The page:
The first time he crossed the bridge carrying the torch from downtown to Macy’s Herald Square at midnight, designer Ralph Lauren made one thing clear: New York’s community of style pros was not impressed.
“I thought I could glide across and be a fashion butterfly,” he said, back then. But that day, in the sultry environs of Herald Square, I couldn’t find the wings on a New York man. There was just an orange confetti cloud—the snow in the sky had apparently fallen on the parade’s high-budget balloon costuming company before he made the fateful decision to bring the balloons down to earth.
Two decades and 5,000 parades later, the winds are strong. That doesn’t mean the balloons are intact. Indeed, Sunday’s balloons had yet to be inflated.
Up on the curvy top deck of the Claiborne B. Massey and Louis P. McFadden Building—designer Ranae Horackiff’s tenth parade on which to sit and take in the iconic spectacle—the observer quickly noticed that the balloons would take shape in the middle of the parade. Besides being dangerous, overcrowding would be the worst danger.
Were they white? Hazel? Cowskins? Black clouds like the one you’re looking at? Assembled last Thursday, the bunnies, reindeer, and panda balloons looked like part of a Gumby play area. Perhaps that’s why a few refused to touch the ground.
Tiki torches hung from the aluminum trusses, illuminating passersby, and the spectacle finally got underway. While the creation of a giant birdcage is something that appears in a McDonald’s commercial, if you paid attention, you could only see one foot sticking out. That foot belonged to the character Puff the Magic Dragon. Up in the first-floor Panoramic Clock Tower, which served as the ballroom for 11 years of the Macy’s Thanksgiving Day Parade, digital displays showed photographs of the best, worst, and in between from the parade’s past, recalling “Happy Days” star Henry Winkler as a National Anthem singer, to Elizabeth Taylor, a pair of stars from the first appearance of Astro Boy in 1958, and the youngest performer, Simon Igde, then 7, in 2007.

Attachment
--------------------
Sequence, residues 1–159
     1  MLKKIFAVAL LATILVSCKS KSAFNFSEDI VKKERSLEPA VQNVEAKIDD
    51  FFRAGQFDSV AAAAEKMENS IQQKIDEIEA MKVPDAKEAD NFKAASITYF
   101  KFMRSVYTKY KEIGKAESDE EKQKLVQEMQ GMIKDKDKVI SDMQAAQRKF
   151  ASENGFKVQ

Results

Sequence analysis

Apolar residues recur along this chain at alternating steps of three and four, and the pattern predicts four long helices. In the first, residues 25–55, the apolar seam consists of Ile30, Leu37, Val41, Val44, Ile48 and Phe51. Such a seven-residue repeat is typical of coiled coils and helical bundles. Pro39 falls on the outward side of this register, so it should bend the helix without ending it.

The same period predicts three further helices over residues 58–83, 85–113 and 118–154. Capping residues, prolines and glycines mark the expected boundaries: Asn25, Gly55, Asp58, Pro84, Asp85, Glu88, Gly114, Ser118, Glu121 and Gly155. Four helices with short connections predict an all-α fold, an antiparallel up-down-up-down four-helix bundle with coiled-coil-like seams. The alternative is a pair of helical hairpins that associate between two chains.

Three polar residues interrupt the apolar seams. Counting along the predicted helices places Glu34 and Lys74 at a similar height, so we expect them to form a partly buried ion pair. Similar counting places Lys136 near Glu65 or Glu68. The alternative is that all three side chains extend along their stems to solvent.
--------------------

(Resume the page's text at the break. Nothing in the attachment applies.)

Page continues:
Throughout his career, the parade’s founder, Harry “Hap” Macy, had always prefigured technology by showing the first science fiction film in the series as well as the cover of a movie album in its marketplace. And so one of the highlights of the parade is featured this year: the official premiere of Wonder Woman, filmed by Zack Snyder’s team at Paramount Studios at the Warner Brothers lot.
Wonder Woman was a sensation. Within a month of its release, it was the only movie to make over $400 million domestically.
“I was ecstatic,” said Rita Hamilton, who first got involved with the parade in 1963 as a costume designer. “It was an amazing feat.”
Hamilton’s salesmanship has guided thousands of Macy’s retailers around the world to brand their products with birds, lambs, and rabbits, and to think of twinkly-light holiday gifts.
Little did she know that launching in the 1960s was going to create a billion-dollar business. But, on Sunday, Hamilton, now 86, became the oldest Macy’s parade vet, as she was joined by daughter Margaret “Peggy” Messler, to see 34 years worth of the parade go by.
“I just want to be here,” Hamilton said. “To see the parade and that stuff. I just can’t watch TV.”